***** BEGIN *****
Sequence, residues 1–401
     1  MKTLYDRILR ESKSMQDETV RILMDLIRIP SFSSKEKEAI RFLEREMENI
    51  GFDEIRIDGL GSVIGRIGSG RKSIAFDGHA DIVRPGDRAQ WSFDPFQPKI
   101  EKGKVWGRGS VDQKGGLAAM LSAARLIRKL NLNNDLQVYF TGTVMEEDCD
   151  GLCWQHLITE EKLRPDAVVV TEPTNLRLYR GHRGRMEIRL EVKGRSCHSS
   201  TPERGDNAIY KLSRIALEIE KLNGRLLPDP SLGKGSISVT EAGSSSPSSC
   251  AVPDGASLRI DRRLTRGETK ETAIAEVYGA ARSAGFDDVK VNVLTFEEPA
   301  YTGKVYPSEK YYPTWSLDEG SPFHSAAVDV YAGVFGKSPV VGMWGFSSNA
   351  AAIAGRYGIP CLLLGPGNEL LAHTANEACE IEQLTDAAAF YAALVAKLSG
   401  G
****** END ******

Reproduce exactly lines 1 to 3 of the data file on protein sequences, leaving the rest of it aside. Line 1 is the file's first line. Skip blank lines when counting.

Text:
Sequence, residues 1–401
     1  MKTLYDRILR ESKSMQDETV RILMDLIRIP SFSSKEKEAI RFLEREMENI
    51  GFDEIRIDGL GSVIGRIGSG RKSIAFDGHA DIVRPGDRAQ WSFDPFQPKI